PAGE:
This toolkit provides guidance for protecting the health, safety and welfare of employees working from home. It provides links to key information and templates on the website.
What is homeworking?
Homeworking is where employees work full or part time from home or in other premises of their choice — not the workplace.
Under the Health and Safety at Work, etc Act 1974, employers have a duty of care to protect the health, safety and welfare of employees, which includes homeworkers.
What should you do as an employer?
1. Assess the feasibility of working from home
A proportion of workers switched to homeworking, whether temporarily or permanently, due to the pandemic and, in many cases, the transition had to be made quickly. In non-pandemic circumstances, however, the organisation would first undertake a feasibility study to investigate the costs and benefits of homeworking, and whether the job can be done properly away from the workplace. See Part 1 of our Homeworking Viability Checklist.
2. Perform a risk assessment
Although generally low risk, homeworking is not exempt from the law, and so a risk assessment should be carried out on the home environment. The risk assessment will identify any measures needed to prevent harm to the employee, as well as anyone else affected by their work (eg other members of the household). Part 2 of the Homeworking Viability Checklist can help with this.
Employers can remotely work through a risk assessment with members of staff or ask staff to conduct their own assessment using a template and guidance.
The obvious risk is musculoskeletal strain due to badly set up display screen equipment (DSE). The Health and Safety (Display Screen Equipment) Regulations 1992 place specific duties on employers covering the use of DSE. DSE assessments should be conducted for employees who are DSE users and work from home, whether or not the workstation is supplied in whole or in part by the employer. See our Workstation Assessment — Self-assessment form.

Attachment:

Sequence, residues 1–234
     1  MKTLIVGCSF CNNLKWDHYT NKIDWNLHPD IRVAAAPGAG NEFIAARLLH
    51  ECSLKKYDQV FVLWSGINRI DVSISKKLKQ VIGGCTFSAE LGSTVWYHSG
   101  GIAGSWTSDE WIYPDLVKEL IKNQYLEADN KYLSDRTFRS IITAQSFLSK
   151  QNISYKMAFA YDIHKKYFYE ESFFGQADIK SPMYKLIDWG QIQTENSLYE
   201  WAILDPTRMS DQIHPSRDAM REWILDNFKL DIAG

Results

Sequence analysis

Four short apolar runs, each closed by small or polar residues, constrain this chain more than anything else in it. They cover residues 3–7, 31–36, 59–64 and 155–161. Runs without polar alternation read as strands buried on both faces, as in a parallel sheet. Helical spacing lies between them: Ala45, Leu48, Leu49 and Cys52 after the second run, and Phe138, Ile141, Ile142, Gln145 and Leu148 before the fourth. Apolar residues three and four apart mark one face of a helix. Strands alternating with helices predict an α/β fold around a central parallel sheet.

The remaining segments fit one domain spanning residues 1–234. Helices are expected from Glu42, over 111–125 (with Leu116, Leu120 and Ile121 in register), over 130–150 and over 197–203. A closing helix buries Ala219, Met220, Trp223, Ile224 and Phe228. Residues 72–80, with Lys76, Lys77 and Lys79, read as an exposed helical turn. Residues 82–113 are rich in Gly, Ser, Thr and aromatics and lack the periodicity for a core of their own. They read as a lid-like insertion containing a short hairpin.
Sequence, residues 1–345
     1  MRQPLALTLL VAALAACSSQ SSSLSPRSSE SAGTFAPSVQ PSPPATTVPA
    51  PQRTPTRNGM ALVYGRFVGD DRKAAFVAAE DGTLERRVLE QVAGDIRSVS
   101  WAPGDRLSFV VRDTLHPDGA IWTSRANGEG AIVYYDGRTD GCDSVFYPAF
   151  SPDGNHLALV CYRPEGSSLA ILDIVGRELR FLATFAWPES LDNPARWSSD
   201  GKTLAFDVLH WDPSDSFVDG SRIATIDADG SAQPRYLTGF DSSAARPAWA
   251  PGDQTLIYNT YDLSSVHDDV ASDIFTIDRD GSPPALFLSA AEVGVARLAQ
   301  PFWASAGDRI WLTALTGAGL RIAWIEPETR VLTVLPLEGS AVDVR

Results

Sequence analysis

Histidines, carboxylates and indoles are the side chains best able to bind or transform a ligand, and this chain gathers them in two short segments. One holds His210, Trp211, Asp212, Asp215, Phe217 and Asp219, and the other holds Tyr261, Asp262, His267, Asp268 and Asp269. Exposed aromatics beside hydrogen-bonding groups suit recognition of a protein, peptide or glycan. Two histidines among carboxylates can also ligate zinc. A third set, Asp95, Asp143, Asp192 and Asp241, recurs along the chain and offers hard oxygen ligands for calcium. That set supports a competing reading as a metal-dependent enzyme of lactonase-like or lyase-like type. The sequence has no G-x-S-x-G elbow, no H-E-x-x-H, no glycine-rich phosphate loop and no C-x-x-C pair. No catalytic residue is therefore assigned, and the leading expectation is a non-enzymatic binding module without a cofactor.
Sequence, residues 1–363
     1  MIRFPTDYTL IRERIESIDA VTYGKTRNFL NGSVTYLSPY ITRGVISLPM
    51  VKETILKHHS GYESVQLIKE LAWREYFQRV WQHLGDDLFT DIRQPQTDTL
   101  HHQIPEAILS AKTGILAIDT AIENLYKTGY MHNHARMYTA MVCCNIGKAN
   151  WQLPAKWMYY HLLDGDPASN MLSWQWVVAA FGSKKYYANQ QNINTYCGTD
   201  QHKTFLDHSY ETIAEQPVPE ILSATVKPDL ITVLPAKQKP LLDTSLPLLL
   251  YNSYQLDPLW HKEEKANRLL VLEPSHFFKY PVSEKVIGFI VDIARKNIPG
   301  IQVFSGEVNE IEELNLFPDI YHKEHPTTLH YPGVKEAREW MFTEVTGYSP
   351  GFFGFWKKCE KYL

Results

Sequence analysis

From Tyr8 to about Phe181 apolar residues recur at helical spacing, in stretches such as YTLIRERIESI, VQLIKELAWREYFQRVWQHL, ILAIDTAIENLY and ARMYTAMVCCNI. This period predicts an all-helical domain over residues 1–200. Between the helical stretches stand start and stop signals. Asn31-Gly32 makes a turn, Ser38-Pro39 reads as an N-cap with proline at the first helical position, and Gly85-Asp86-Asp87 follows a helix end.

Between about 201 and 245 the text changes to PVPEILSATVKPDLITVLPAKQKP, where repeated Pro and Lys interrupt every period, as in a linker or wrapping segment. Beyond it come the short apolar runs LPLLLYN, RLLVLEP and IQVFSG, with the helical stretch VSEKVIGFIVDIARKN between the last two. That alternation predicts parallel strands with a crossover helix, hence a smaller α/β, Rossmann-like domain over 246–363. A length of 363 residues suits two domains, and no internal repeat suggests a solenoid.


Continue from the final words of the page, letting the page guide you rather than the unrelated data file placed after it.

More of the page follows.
Organisations may need to undertake other types of health and safety risk assessment, depending on the work activity, such as manual handling or hazardous substances. All equipment and PPE needed for the job will need to be supplied. If substances are needed for the work or generated by the work, they will need to be assessed and safe storage supplied if required. A first-aid kit will be needed in some situations.
3. Consider connectivity and IT support
Support your employees in exploring ways to boost their broadband speeds, if that is an issue, or to make the most of home internet. Suggestions include switching off the automatic WiFi connection on devices that are not being used, staggering family activities such as streaming films, and using an ethernet cable to connect the computer to the router so they are not relying on a WiFi signal.
Make sure employees are aware of who to contact if they have IT problems. They may previously have asked nearby colleagues for help with IT issues, so procedures and resources need to be in place to address any problems — and there will be problems.
4. Ensure security
Working from home brings additional cyber security issues. Many organisations are using VPNs and two-step authentication to add an extra layer of security. Check that staff have completed any necessary cybersecurity training and:
have strong passwords on their accounts
know how to use software, and that there are written FAQ documents and guidance
are using devices that are properly encrypted
know what to do to maximise the security of information and also what to do if any device is lost or stolen.
Clarify the situation in terms of whether the employee can use DSE provided by the employer for their own use out of work hours.
See the Information Protection and Cyber Security topic for more information.
5. Consider fire safety
House fires are much more likely to occur when people are at home. When considering the home office, ways to prevent fires include:
only using laptops on a hard surface to prevent over-heating